Foreign Affairs Secretary Teodoro Locsin Jr. said Wednesday that the West Philippine Sea "is ours" and that China, from whom President Rodrigo Duterte sought investments and loans, "took it."
Teodoro made the remark in reply to a Twitter follower who asked for his agency's stand on the "clear evidence of China's power" in the waterway.
"The stand is that it is ours. And they took it. World's highest court ruled that. Period," said the official.
"Now the question is how to take it back," he added.
China refuses to recognize a United Nations-backed arbitral tribunal's ruling that invalidated its sweeping 9-dash line claim over the South China Sea.
Philippine authorities have repeatedly raised concerns over China's activities in the disputed waters, particularly militarization efforts, which Beijing denied.
President Rodrigo Duterte has said in several occasions that the Philippines could not afford to go to war against its more powerful Asian neighbor.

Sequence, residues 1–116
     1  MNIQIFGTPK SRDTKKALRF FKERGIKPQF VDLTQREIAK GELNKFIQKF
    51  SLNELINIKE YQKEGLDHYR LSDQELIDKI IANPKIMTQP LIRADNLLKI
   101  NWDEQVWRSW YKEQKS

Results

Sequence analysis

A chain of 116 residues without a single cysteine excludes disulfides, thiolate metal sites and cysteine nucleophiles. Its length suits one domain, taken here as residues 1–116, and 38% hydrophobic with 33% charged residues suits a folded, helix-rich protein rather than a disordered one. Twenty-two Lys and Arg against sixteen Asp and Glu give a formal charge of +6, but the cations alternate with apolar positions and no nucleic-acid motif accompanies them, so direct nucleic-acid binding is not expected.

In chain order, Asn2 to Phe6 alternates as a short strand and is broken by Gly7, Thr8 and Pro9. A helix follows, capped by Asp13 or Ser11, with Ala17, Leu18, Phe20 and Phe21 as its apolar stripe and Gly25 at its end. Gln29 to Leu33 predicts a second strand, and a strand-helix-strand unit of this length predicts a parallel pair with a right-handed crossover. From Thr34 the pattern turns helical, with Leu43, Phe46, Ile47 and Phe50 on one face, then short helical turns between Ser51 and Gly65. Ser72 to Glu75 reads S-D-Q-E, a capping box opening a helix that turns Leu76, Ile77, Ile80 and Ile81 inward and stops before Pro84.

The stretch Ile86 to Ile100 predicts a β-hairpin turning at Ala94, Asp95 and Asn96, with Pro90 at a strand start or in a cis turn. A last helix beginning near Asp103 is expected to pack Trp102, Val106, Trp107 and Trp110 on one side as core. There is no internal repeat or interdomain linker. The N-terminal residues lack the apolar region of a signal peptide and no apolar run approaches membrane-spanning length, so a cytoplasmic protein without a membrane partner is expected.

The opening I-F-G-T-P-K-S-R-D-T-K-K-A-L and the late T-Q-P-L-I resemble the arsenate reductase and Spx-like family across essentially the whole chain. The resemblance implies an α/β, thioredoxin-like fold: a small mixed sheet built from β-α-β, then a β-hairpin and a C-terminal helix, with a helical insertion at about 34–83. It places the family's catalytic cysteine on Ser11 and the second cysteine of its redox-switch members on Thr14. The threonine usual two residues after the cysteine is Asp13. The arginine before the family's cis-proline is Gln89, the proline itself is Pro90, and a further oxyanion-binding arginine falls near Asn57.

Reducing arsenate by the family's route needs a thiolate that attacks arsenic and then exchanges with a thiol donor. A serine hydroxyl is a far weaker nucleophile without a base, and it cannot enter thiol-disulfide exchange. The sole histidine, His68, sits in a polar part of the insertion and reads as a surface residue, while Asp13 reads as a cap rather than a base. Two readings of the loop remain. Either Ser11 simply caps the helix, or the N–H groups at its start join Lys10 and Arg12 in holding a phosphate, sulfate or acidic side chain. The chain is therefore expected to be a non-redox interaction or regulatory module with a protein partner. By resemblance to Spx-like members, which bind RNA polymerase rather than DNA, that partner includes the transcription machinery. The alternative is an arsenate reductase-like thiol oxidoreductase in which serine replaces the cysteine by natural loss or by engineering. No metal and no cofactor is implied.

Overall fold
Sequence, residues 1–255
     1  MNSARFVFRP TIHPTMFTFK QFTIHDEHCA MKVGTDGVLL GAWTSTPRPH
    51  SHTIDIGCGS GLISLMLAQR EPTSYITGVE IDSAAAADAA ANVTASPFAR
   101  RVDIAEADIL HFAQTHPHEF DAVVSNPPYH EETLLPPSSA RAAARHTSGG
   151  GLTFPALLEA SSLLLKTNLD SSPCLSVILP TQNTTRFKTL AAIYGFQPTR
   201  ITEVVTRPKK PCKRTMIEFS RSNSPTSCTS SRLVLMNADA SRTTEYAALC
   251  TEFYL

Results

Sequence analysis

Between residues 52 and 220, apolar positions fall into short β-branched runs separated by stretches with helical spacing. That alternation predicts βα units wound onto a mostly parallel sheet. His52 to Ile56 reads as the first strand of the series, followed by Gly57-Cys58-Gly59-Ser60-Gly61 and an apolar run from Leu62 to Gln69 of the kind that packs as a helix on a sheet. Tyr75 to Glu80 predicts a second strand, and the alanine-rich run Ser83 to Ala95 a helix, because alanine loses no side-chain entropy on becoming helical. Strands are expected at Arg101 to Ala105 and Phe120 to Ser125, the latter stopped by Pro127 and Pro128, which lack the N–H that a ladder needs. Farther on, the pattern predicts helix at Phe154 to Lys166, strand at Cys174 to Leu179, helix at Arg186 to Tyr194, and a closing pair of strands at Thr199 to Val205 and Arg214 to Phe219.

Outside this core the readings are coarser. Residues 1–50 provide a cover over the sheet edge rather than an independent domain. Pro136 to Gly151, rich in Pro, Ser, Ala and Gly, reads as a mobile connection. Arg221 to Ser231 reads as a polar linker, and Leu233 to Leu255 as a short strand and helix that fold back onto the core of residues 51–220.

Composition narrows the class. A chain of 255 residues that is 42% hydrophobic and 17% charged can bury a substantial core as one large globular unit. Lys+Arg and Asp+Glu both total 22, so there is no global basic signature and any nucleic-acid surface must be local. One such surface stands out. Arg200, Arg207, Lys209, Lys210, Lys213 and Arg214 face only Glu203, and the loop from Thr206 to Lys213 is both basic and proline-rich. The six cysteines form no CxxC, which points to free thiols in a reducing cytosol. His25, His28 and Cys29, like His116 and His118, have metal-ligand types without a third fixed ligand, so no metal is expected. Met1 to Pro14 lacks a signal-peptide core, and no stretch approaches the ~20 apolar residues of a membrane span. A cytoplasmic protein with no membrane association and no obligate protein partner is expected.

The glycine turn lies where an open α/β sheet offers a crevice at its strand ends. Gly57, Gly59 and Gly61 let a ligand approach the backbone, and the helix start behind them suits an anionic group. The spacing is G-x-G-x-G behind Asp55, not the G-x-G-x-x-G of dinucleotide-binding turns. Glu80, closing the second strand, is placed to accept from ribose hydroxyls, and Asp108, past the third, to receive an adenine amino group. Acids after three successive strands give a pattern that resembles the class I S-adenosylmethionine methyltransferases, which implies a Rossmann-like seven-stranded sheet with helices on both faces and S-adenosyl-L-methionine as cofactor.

Locsin, in his tweet, said he has "no fear of war."
"One attack on a public vessel triggers World War 3 with the USofA which is impervious to attack from Asia," he said.
Locsin also claimed that Manila could not defend its maritime territory before because former US President Barrack Obama "was in love with China" and told Beijing it was "okay to take what it wants from the Philippines."
Washington and Manila are bound by a half century-old Mutual Defense Treaty, its respective military forces engaging in regular war games that see thousands of US troops and American military hardware brought to Manila.
US is Philippines' 'only military ally': Locsin
However, the treaty's role in the Philippines' sea dispute with China is unclear.
Under US interpretation, the treaty covers only "metropolitan" Philippines and does not include the Filipino-occupied areas in the South China Sea, Defense Secretary Delfin Lorenzana said last year as he sought a review of the pact.
Does PH-US Mutual Defense Treaty cover the South China Sea?
Before he stepped down from office, Obama had urged Beijing to adhere to the rule of law, saying the landmark ruling against its claims to South China Sea is "binding."